This study addresses the issue of how healthy development is fostered by addressing a key question that a growing number of organizations concerned with youth development have attempted to answer: What are the specific components or elements of youth development that contribute to healthy, positive outcomes?
The Carnegie Council, after a decade-long research effort, offers the following 10 conditions as “fundamental human requirements”* that must be met if children are to grow up to be healthy, constructive adults:
- Develop sustained, caring relationships with adults.
- Receive guidance in facing serious challenges.
- Become a valued member of a constructive peer group.
- Feel a sense of worth as a person.
- Become socially competent.
- Know how to use support systems.
- Achieve a reliable basis for making informed choices.
- Participate in the constructive (age-related) expression of curiosity and exploration.
- Believe in a promising future with real opportunities.
- Find ways of being useful to others.
Similarly, youth development researchers at the Search Institute in Minneapolis, Minnesota, have developed the following framework of developmental assets that give young people a strong foundation for life:**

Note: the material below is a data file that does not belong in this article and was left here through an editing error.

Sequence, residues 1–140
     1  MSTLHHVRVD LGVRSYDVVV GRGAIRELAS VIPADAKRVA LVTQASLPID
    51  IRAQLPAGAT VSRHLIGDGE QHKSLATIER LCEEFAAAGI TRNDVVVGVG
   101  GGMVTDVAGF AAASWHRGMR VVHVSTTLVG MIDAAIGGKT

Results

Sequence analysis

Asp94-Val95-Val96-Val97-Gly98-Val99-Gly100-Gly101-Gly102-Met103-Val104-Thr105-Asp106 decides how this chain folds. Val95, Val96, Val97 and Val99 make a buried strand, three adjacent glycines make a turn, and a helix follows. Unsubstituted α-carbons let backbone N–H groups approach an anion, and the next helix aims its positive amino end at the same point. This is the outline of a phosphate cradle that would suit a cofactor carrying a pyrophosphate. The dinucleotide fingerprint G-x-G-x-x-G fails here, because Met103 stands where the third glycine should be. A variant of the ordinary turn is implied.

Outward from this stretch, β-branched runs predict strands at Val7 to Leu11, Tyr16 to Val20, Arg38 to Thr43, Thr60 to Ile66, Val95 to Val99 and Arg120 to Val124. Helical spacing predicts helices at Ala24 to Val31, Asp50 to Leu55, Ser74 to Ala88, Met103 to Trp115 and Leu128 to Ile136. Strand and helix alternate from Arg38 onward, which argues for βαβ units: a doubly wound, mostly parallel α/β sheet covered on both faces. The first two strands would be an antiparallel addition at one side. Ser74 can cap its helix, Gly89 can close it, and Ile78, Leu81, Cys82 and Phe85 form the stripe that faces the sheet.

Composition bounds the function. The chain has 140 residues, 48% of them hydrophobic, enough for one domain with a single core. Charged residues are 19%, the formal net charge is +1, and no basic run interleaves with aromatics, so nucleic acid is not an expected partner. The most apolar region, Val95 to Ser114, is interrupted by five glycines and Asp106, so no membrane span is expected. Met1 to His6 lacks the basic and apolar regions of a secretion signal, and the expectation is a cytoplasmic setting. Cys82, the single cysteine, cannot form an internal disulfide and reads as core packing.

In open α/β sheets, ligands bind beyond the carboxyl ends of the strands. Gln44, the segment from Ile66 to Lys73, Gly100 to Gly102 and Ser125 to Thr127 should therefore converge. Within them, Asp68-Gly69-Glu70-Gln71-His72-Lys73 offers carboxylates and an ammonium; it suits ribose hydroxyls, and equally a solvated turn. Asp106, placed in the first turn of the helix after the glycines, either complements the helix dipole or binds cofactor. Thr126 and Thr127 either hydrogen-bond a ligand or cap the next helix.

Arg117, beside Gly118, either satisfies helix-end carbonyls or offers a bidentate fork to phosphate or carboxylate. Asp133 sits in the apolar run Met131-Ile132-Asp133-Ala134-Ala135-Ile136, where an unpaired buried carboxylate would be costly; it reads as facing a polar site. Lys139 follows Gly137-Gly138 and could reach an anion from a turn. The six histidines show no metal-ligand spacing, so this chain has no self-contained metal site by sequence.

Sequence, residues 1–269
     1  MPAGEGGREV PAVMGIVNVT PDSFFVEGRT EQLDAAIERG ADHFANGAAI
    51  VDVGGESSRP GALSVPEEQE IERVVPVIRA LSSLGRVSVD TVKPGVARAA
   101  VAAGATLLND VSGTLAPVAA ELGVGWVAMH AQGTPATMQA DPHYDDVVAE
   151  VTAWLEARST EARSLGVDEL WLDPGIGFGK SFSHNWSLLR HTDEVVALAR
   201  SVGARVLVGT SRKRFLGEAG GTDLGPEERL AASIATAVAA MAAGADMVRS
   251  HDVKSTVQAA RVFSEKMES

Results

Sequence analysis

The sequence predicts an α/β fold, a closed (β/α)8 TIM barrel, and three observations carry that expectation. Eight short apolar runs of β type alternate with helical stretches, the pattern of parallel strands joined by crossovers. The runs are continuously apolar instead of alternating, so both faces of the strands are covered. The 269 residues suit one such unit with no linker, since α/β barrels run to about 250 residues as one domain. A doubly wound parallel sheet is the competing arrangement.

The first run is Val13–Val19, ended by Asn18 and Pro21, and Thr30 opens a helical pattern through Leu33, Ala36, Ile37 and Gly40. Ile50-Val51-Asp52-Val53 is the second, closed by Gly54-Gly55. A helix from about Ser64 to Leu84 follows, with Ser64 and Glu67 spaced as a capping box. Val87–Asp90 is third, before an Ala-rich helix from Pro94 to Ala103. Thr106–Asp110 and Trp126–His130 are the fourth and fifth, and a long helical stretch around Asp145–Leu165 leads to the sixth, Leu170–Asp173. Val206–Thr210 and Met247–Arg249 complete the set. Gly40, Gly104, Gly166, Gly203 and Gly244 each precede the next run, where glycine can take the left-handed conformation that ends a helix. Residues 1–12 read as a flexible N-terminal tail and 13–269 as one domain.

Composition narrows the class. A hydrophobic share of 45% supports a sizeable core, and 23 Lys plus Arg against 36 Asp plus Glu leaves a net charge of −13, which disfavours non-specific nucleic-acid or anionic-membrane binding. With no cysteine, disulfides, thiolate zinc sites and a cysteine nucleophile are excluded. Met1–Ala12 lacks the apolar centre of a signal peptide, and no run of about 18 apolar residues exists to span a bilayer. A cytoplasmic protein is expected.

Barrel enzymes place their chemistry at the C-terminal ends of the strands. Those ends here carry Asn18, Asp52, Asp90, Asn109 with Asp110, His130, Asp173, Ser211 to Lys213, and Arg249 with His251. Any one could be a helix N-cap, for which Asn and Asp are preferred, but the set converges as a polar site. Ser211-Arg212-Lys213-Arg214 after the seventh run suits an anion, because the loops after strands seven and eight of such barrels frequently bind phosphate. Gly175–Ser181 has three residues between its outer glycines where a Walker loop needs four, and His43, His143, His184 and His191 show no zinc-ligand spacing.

- Support – Receive support from family, teachers, and other adults.
- Empowerment – Feel useful and safe.
- Boundaries and expectations – Move in an environment with rules, structure, and high expectations.
- Constructive use of time – Spend time creatively on hobbies, with friends, and in religious functions.
- Commitment to learning – Engage in learning and spend time daily on schoolwork and other reading.
- Positive values – Learn honesty, integrity, personal responsibility, as well as to care for others, and act on this knowledge.
- Social competencies – Develop respect for others and become comfortable with people of different cultures.
- Positive identity – Develop a sense of purpose and self-worth.
From the important youth-development variables identified by these two comprehensive sources, several common elements emerge. Integrating these common elements yields the following six critical elements of healthy youth development:
- Strong personal values and character
- A positive sense of self-worth and usefulness
- Caring and nurturing relationships with parents, other adults, and peers
- A desire to learn
- Productive/creative use of time
- Social adeptness
The results of this report demonstrate that the Exploring program addresses each of these important elements.
See Learning for Life, “Research Report.”
Since 1991 the Learning for Life character education program has offered school based lessons and activities to youth in the Utah National Parks Council, Boy Scouts of America territory. The Learning for Life program currently serves 9,073 youth in schools, clubs and organizations throughout central and southern Utah. For more information contact Ann Shumway at firstname.lastname@example.org or 801-437-6218.